Muslim Anger Burns Over Lingering Probe of Charities

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By Jerry Markon
Washington Post Staff Writer
Wednesday, October 11, 2006

More than four years ago, federal agents swarmed into homes and businesses in Herndon and elsewhere in Northern Virginia, carting away 500 boxes of documents they believed contained evidence of an international terrorism financing network.

The raids, which targeted some of the most established Islamic organizations in the United States, caused an immediate firestorm in the Muslim community.

So far, the March 2002 searches have led to the convictions of two people, including prominent Muslim activist Abdurahman Alamoudi, who admitted in federal court that he plotted with Libya to assassinate the Saudi ruler.

But no charges have been filed against the principals of the Herndon-based cluster of companies and charities that are at the center of the investigation, and Muslims say the raids were no more than a fishing expedition.

"They are still trying to prove that they weren't wrong in the first place,'' said Nancy Luque, an attorney for the Herndon charities. "You storm into people's homes, take their children's toys, terrorize the women, and 4 1/2 years later, you haven't got a scintilla of evidence against any of them.''

Yet, a grand jury investigation is proceeding in Alexandria, and at least one high-profile witness has recently been called to testify. Law enforcement officials insist that the so-called Herndon charities investigation is still moving forward, with agents and prosecutors immersed in tracing what they say is a Byzantine trail of transactions between corporations and related charitable entities here and overseas. The investigation is focused on a Herndon-based network of Muslim charities, businesses and think tanks.

Federal prosecutors have strongly defended the raids, saying during a 2004 court hearing that they would file charges against some or all of the Herndon-based network, possibly under racketeering statutes once used to target the Mafia. Prosecutors declined to comment last week. Law enforcement sources said they still expect further prosecutions, but they would not comment on timing or the nature of the possible charges. They spoke on condition of anonymity because of the case's sensitivity.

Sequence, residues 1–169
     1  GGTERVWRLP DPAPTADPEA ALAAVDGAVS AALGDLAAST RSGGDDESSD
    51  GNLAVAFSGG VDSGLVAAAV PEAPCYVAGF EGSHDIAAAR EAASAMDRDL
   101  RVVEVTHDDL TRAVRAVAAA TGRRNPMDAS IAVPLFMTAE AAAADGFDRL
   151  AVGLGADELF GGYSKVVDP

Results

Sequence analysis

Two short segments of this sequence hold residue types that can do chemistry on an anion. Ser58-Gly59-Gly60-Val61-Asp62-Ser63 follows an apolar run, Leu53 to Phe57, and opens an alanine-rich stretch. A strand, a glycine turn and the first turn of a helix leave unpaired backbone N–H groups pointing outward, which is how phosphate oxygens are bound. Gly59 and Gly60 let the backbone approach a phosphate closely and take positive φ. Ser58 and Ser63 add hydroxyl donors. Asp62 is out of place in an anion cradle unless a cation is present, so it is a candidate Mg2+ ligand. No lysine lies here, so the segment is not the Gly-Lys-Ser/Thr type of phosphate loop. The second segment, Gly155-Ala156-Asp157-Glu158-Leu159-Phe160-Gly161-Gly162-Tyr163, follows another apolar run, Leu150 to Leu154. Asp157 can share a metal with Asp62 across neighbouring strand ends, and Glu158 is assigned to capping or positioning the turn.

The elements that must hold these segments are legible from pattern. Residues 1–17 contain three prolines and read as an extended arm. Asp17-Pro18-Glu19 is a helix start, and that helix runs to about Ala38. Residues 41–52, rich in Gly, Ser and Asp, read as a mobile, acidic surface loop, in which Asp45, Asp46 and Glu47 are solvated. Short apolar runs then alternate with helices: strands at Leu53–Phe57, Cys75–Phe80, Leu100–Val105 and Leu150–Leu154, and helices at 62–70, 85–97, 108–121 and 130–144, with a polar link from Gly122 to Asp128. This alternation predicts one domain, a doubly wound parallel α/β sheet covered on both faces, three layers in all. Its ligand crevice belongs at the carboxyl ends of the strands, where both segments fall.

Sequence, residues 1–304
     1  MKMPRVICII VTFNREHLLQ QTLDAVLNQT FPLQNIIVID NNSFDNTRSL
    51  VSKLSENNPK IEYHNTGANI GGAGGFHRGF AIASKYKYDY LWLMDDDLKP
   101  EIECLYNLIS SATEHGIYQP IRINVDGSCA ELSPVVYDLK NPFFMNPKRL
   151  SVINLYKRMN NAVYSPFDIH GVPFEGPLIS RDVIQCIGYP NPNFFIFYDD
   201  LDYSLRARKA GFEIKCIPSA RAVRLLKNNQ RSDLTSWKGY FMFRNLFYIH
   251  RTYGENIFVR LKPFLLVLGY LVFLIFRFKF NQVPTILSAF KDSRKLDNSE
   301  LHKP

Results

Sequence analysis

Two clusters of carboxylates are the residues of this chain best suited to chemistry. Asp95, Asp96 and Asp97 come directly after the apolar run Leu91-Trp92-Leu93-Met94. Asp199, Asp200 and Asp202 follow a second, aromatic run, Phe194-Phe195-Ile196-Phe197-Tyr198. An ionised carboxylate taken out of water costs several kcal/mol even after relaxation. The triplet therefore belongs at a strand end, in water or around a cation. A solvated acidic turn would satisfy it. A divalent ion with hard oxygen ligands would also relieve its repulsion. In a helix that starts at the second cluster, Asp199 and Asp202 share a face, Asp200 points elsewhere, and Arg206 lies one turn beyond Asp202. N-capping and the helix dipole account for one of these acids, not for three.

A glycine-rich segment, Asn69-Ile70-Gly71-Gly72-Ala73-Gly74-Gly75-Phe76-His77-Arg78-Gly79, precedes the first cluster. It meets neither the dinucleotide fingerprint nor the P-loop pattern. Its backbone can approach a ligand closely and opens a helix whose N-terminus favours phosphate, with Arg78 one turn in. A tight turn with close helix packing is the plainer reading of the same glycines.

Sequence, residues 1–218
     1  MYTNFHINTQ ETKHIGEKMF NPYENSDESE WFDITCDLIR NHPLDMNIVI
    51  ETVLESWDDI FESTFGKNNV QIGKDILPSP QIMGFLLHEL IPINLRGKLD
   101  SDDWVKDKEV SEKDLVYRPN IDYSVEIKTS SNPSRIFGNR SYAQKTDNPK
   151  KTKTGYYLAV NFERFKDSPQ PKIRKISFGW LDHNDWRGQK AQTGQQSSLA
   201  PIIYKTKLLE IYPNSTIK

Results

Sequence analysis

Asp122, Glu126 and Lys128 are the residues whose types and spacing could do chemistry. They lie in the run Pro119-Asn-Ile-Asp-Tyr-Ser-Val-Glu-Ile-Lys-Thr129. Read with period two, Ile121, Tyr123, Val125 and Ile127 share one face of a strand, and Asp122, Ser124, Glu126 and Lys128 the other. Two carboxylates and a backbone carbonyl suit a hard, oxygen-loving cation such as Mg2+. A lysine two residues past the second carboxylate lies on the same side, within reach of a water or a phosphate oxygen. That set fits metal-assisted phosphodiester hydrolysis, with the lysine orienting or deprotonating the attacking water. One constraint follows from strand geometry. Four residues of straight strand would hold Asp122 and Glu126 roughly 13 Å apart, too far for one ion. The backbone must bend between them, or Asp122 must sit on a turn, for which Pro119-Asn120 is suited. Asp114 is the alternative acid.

Although the specifics of the investigation remain unclear, prosecutors are now seeking the testimony of a potentially key witness. Last week, the attorney for Sami al-Arian -- a former Florida professor who was acquitted in one of the nation's highest-profile terrorism cases but then pleaded guilty to a single charge -- said he had been subpoenaed to appear before a federal grand jury in Alexandria.

The lawyer, Linda Moreno, said prosecutors want to ask Arian about his ties to the International Institute of Islamic Thought, or IIIT, one of the key Herndon organizations under investigation.

The primary reason the investigation has taken nearly half a decade, according to court documents and interviews, is the complexity of trying to trace the elaborate money trail.

"Such a massive ream of documents came out of those search warrants,'' one law enforcement official said in an interview last year. "It takes incredibly lengthy investigative work.''

During the 2002 raids, federal agents fanned out to more than 15 sites in Falls Church, in Leesburg and in Fairfax County, including Herndon. They spent 12 hours alone at IIIT -- an Islamic think tank set up in Herndon in the early 1980s -- where they seized about 25 computers and documents that included financial records, mailing lists and staff lists.


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